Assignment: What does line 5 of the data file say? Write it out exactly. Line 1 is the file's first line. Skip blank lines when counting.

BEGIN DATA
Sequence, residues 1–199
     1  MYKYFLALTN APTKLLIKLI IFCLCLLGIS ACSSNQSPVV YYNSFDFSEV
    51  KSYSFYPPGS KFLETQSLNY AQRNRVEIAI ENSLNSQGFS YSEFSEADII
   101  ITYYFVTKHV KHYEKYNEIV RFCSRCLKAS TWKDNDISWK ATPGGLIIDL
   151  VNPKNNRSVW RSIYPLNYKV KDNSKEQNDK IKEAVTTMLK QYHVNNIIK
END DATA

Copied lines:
   151  VNPKNNRSVW RSIYPLNYKV KDNSKEQNDK IKEAVTTMLK QYHVNNIIK